- Communicate often with your players. Do this both as a group and one-on-one. Converse with them, not to them. Tell them what your expectations are of your players and ask what they expect out of their DM. If you see conflicts, address them. Understand that what works for some of your players may not work for others, and you may have to make some hard choices to play the game you want to play. But above all – communicate.
TOREN’S TIP: You are the game referee, but you are not your player’s conflict mediator outside of the game. Set healthy boundaries. Seth Skorkowsky has an excellent video on his channel about this.
2. People these days talk a lot about ‘Session Zero’ – this is basically a subset of point 1. It could be in person or it could be virtual, or even just an email. It’s a communication of what the tone, gaming style, rules restrictions, setting, and everything else about your game will be, including what you will allow and what you won’t allow. This happens before the first adventuring session and it’s a great time to find out what your players are comfortable with (remembering that many of your friends have deep traumas that you might now know about including sexual assault, death of close relatives at young age, etc.).
Is alcohol allowed at the table? How about cell phones? Will characters level up via XP or milestones? What’s the balance between crunchy combat and roleplay-heavy social encounters?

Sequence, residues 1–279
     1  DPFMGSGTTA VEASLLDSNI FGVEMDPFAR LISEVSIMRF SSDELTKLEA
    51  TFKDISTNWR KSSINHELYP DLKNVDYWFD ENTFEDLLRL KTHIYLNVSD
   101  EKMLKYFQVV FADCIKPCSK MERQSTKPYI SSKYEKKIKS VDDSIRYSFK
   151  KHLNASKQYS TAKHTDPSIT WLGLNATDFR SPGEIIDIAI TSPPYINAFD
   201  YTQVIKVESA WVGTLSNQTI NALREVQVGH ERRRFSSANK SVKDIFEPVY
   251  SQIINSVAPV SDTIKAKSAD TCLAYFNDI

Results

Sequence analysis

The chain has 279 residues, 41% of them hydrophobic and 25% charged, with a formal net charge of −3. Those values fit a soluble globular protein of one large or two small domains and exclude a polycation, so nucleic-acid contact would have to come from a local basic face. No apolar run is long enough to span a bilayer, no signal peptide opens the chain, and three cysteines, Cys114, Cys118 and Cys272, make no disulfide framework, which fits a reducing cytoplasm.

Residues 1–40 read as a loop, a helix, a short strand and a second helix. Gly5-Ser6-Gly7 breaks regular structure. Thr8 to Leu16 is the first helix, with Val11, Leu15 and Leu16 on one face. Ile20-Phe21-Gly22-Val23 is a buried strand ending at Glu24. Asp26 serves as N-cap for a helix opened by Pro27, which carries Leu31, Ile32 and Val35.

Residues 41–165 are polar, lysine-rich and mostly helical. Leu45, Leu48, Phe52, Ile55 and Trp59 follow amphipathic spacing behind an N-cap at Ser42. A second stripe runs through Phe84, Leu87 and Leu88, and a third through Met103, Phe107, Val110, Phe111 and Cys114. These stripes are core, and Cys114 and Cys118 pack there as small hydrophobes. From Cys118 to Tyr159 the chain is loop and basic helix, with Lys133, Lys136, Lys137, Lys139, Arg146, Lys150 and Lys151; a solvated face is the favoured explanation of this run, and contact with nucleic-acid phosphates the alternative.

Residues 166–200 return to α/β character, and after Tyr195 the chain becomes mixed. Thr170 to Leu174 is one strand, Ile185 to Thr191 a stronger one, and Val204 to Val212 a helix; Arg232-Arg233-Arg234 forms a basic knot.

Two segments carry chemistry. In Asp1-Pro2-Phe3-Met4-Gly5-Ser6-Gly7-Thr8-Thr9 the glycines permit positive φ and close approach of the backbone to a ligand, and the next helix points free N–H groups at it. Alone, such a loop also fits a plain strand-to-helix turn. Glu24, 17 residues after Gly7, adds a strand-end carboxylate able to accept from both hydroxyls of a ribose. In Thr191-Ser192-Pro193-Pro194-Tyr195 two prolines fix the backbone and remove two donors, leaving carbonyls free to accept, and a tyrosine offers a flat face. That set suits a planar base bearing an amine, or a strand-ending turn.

TOREN’S TIP: Ask each character to have a connection or bond to any 1 or 2 other player characters (the fighter and I escaped the slave mines together; I follow the cleric’s god and look to her for advice; the druid is my adopted sister!)
There are lots of articles and youtube videos about what you should cover in a session zero. Here is a good one:
3. Watch your Group Size.
It’s legendarily difficult to find a good, stable gaming group (congrats if you have one) and there are different philosophies as to the perfect size. You can absolutely have a game with 1 player and 1 DM. Typically the magic number is 4 players and 1 DM. With smaller groups, you risk having to cancel the entire session if 1 or 2 players has to cancel, whereas if you have a larger group of 5 or more, the danger becomes when everyone shows up and you get very little done in the session because there is more time used up between players’ turns. It really depends the reliability of your players so all I can say is good luck!
4a. Set reasonable standards for yourself. Everyone wants to be the greatest DM/GM in the world, and many feel like podcasters and youtuber like Matt Mercer are the gold standard to aspire to. Keep in mind these are professional actors and what you are watching are performances for a medium, rather than a casual gaming group of friends. Look to them for inspiration and ideas, but remember you will never be Matt Mercer, and you shouldn’t. Just be a good you.
4b. Don’t burn yourself out! I find preparing for my RPG sessions very therapeutic, but manage your expectations. The players will inevitably thwart or avoid many of your lovingly crafted encounters, so just try to roll with it (pun). Also, find a balance for how often you play. Most people try to have a weekly game, but if that seems to be too much for you, adjust the schedule. See if anyone in your group is interested in running a separate game (even a different system) and you can alternate weeks as a GM and a player. Also, consider the idea of a co-DM, if you have a friend that you have a good relationship to work with, having two DMs can ‘share the load’ as Samwise Gamgee once said.
5. Is Everyone Having Fun? If they are, then you are doing it right! This might be the most important tip, perhaps tied with #1. And if you are not having fun. Ask yourself why and what you might want to change.